We the People of the United States, in Order to form a more perfect Union, establish Justice, insure domestic Tranquility, provide for the common defence, promote the general Welfare, and secure the Blessings of Liberty to ourselves and our Posterity, do ordain and establish this Constitution for the United States of America.” — Preamble to the Constitution.
The role of our government was made clear from the onset. Among other things, it was to promote the welfare of its citizens — not fulfill their every need. While this issue is not new, the current political season has again contrasted government’s role in administering social service programs with the responsibility of individuals.
Unlike many government-run programs, most charitable organizations historically required able-bodied individuals to work. We saw the first glimpse of this principle in the Jamestown Settlement of colonial America.
Some men sat around while others built homes, tended crops and hunted for food. After assuming leadership of the colony, Capt. John Smith enacted a new rule: if you’re able-bodied and don’t work, you don’t eat.
Smith’s edict instantly eradicated early abuses of the colony’s social services system. More importantly, it set the standard for future efforts to assist those in need. Initially, most — if not all — of the social welfare programs in America were administered by charitable or faith-based organizations.
While they were overtly Catholic, Protestant or Jewish, they served people of all faiths or no faith at all.
Yet they thought it was their obligation — not that of the government — to administer aid to those in need. In his book, “The Tragedy of American Compassion,” Marvin Olasky compared statistics from the late 19th century to current trends. While it varied by state, research showed there was typically one volunteer for every person needing help.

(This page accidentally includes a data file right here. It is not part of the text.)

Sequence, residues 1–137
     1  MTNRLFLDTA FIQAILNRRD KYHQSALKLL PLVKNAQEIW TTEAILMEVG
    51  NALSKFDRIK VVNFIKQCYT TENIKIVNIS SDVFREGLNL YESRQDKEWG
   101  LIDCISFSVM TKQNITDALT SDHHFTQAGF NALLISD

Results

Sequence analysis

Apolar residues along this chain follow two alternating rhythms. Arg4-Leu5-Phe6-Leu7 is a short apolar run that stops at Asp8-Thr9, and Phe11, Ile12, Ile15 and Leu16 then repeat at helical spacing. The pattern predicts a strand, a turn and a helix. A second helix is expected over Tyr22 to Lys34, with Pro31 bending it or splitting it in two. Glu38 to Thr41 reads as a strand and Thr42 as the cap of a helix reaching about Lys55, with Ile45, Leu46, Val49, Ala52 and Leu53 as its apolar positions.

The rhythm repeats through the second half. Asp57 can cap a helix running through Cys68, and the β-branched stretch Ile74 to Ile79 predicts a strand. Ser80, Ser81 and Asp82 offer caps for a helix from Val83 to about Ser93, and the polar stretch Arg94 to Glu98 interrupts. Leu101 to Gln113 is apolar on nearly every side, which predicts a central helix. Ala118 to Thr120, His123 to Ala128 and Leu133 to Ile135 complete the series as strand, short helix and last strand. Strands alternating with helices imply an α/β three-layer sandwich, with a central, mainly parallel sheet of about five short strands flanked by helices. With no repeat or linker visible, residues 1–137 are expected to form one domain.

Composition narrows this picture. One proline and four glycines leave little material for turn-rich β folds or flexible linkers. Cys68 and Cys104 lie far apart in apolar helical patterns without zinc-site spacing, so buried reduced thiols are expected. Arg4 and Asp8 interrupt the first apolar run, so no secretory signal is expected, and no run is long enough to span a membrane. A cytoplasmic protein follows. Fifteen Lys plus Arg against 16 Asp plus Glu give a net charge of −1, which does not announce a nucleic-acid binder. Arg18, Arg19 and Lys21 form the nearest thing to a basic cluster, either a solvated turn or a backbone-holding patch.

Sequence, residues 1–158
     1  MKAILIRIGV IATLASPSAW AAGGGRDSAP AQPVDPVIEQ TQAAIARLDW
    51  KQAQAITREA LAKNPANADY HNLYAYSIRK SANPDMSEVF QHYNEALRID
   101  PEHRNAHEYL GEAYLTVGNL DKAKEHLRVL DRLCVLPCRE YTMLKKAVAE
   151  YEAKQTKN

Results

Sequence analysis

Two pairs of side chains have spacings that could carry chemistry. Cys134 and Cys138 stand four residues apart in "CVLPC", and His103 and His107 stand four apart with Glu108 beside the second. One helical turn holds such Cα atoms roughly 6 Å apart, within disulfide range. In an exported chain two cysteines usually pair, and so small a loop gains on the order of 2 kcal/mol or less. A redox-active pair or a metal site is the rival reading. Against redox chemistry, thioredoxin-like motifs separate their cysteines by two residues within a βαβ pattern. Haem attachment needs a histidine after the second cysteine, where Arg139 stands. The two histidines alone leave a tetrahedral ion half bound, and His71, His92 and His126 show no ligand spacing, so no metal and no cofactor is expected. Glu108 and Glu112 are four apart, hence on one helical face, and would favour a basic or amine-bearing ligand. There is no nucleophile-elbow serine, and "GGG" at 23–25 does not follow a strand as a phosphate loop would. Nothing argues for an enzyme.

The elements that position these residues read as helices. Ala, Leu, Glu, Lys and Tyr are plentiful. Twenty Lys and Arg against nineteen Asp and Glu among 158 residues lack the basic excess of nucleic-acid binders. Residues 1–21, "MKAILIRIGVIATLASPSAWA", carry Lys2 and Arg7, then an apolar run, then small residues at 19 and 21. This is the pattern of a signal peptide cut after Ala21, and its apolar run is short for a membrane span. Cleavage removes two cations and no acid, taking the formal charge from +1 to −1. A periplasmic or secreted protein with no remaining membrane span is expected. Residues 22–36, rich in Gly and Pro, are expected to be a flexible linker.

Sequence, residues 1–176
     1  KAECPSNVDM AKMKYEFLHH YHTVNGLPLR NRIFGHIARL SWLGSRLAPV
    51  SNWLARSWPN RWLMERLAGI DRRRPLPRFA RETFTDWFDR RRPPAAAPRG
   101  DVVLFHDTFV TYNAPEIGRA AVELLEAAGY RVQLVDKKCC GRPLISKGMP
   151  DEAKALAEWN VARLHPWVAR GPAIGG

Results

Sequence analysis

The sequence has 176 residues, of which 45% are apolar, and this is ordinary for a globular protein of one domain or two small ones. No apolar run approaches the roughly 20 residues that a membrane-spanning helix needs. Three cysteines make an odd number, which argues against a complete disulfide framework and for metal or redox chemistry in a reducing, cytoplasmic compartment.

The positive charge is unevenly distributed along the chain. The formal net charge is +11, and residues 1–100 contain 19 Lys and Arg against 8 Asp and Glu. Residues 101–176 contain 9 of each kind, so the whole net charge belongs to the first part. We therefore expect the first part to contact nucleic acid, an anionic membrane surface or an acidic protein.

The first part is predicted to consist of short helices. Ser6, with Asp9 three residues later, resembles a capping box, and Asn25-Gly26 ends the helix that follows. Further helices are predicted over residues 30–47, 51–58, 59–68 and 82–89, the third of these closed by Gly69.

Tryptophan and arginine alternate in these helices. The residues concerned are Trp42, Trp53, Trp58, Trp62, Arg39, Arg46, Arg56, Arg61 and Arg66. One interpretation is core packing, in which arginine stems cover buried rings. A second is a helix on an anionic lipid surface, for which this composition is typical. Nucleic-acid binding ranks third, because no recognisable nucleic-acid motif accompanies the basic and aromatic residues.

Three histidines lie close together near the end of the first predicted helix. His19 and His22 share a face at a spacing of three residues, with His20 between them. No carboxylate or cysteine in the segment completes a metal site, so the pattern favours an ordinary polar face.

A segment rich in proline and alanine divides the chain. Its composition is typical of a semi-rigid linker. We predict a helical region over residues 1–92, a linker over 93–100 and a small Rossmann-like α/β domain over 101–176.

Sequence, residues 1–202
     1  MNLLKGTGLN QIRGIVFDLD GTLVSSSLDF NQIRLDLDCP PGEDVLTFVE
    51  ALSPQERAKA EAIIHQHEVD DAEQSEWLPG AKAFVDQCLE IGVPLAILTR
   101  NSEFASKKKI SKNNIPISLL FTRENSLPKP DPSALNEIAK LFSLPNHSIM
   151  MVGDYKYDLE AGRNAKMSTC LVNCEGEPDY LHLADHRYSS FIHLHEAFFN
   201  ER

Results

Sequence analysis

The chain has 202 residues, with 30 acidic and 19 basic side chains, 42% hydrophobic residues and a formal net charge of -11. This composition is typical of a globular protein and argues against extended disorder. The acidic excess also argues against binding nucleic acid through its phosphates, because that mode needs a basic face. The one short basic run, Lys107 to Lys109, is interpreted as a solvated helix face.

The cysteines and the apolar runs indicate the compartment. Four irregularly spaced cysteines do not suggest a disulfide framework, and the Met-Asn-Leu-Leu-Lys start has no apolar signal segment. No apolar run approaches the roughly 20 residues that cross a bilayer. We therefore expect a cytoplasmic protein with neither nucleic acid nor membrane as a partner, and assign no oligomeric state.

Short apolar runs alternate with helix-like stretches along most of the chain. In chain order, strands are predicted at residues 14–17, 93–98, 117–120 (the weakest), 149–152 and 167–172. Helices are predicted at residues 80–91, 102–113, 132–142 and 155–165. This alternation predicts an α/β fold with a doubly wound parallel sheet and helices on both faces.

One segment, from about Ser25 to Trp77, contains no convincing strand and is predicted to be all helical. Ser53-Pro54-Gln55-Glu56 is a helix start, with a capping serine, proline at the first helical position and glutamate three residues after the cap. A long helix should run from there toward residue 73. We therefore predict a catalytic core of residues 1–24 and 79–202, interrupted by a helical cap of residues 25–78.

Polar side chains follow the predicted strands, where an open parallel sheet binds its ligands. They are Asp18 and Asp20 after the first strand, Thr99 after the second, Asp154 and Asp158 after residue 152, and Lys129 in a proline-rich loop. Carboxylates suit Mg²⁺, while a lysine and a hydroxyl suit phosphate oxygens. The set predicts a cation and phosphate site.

“Today lots of government-paid social workers would love to have a one to 100 ratio,” Olasky says.
So what happened? Did faith-based organizations abdicate their responsibility, or has the government usurped their role?
Some would argue our current state is a product of both. Yet regardless of the cause, the result is the same — we have an increasing number of people who have become solely dependent upon the government for their sustenance.
So what’s the solution? Or perhaps more importantly, what’s the alternative?
I am reminded of the admonition of 17th century historian Alexander Fraser Tytler. He contended democracies can only exist until people discover they can “vote themselves money” from the public treasury.
“From that moment on,” Tytler said, “the majority always votes for the candidate promising the most benefits ... with the result that democracy always collapses over a loose fiscal policy — to be followed by a dictatorship.”
While it’s easy to point a finger of blame in one direction or the other, I am quickly reminded by my own conscience (and the admonition of one of my daughters) of my responsibilities. It would be easy to say the “church” should be more active in administering aid, yet my faith dictates that I am the “church.”
Likewise, my high school civics teacher impressed upon me that I am part of a government intended to be of, by and for the people. Societies are judged by the manner in which they treat the “least of these.”
So to paraphrase President John F. Kennedy, perhaps we should ask not what the government should be doing, but rather what we can do to promote the general welfare of and provide for the needs of our fellow citizens.
Paul Scianna of south Kansas City is a native of Mississippi and a management consultant. To reach him, send email to Midwest Voices at firstname.lastname@example.org.